Monday, 7 July 2008

Marx, Adorno, and Foucault, as Illustrated By the Siamese Cats from Lady and the Tramp

I team-taught my class today with the psychology teacher, who ran bias tests on the classes before I taught them to blame it all on Walt Disney. To wit, here are the best (and by best, I guess I mean worst) clips that I showed to illustrate how children might pick up stereotypes about black people, masculinity, and justice in the Middle East.

Fact: The head crow is actually credited as 'Jim Crow.' And the guy who provided the voice was white, but was told to talk black. Classy.

Fact: Beauty and the Beast was supposed to be a feminist film after groups protested the silent, pretty, slightly daffy Ariel of the Little Mermaid. Because of this, Belle can read! Groups still protested, though, because Belle is imprisoned, intimidated, and threatened by the Beast, but eventually changes him into a sensitive male by sheer persistence. People who work on domestic violence have things to say about this. I picked this clip because it illustrates idealized masculinity pretty succinctly - be uncommunicative, punch a couple people in the face, brag about your strength, anger, and hirstuteness, and if you lose at chess, uproot the board. If you're a woman, be an undifferentiated triplet.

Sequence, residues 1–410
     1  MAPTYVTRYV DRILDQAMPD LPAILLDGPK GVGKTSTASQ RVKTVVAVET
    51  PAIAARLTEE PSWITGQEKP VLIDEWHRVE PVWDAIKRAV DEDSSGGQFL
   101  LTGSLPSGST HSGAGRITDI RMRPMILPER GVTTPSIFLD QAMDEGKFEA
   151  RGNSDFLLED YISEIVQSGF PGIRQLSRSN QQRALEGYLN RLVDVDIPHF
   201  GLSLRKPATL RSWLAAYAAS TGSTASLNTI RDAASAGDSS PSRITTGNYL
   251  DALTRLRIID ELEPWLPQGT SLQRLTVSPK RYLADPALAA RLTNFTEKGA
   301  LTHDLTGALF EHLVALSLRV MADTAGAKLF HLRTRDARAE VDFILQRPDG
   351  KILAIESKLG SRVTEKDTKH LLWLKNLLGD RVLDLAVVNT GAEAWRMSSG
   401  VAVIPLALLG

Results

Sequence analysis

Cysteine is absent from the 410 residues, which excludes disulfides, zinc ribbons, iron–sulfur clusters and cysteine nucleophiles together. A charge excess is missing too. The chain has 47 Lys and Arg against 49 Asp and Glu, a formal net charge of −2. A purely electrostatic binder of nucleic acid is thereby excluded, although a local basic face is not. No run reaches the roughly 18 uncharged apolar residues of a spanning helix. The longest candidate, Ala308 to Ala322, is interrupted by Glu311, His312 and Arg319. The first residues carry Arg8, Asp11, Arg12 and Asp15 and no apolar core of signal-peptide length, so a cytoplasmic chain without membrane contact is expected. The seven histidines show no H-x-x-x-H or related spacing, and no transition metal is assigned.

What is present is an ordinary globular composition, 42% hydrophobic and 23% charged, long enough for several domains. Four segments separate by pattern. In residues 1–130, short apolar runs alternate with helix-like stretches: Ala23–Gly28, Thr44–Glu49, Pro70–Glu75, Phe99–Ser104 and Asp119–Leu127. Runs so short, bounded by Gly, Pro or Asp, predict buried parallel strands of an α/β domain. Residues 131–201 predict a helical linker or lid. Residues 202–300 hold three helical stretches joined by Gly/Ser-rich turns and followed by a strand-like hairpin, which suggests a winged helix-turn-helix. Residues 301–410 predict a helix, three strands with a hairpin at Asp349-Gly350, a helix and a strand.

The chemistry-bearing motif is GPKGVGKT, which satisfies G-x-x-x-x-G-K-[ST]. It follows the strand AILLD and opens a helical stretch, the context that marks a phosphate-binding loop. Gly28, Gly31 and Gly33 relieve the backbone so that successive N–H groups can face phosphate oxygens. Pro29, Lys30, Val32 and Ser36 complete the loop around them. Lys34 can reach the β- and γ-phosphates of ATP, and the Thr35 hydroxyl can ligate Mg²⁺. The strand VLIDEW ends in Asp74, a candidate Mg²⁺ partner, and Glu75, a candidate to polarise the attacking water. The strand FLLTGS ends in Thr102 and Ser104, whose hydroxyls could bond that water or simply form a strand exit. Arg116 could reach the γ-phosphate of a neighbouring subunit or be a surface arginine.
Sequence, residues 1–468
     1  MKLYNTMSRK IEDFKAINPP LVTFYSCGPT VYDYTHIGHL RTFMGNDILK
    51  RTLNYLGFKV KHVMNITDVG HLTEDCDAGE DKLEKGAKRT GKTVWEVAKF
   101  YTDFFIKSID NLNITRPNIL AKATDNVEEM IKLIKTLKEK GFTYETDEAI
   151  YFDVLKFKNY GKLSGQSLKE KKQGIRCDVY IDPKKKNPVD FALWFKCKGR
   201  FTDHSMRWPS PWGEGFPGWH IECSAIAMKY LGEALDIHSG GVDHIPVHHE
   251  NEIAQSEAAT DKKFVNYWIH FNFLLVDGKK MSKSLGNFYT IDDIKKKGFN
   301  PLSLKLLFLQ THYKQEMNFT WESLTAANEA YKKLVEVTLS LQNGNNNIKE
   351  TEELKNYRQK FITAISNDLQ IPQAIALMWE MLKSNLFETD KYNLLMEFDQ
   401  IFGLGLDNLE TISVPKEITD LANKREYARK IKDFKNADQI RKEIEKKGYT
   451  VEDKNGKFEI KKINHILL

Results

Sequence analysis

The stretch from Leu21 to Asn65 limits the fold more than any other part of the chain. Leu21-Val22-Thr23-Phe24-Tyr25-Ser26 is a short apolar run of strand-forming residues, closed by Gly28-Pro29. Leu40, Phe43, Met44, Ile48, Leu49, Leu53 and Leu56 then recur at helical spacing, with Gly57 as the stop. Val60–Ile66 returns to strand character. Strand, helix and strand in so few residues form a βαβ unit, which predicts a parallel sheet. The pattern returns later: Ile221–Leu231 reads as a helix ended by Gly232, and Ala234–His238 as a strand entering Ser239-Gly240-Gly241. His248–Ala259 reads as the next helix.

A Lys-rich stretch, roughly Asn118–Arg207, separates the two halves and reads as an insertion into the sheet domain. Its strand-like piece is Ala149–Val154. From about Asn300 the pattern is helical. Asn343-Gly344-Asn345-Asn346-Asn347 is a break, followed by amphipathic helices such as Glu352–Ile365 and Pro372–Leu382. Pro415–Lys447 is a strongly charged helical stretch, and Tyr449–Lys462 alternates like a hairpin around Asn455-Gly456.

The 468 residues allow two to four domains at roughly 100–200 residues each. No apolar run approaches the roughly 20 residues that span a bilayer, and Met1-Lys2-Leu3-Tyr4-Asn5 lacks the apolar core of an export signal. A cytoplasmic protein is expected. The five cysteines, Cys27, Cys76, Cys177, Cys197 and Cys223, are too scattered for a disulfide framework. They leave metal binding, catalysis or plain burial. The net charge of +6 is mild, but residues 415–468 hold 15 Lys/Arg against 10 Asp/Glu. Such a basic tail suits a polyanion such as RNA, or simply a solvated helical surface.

Fact: The line about cutting off ears was changed for the DVD release after Arab-American groups protested, and the obvious voiceover is kind of hilarious if you know when to listen for it. I almost used 'One Jump Ahead,' where Aladdin takes an Orientalist spin around the city to piss off a fire-walker, snake charmer, and a guy on a bed of nails as he runs from his antagonists. You can tell them apart by their stereotypically Semitic features, which are conspicuously absent from Aladdin, Jasmine, Genie, and the Sultan.

I didn't show this, because it makes it too easy:

(The highlight was when we broke up the classes so that Keon could give his students a test, and one of my students was like, "Ryan, do we have a test?" and I was like, "um, we're going to go read Marie Claire." Aside from the fact that I can't find a copy of James Taylor's cover of the Beatles' 'I Will' for one of my students' mix tape, I love my job.)

1 comment:

Marcel said...

The weird part is that Umar and his family loved Aladdin. Go figure?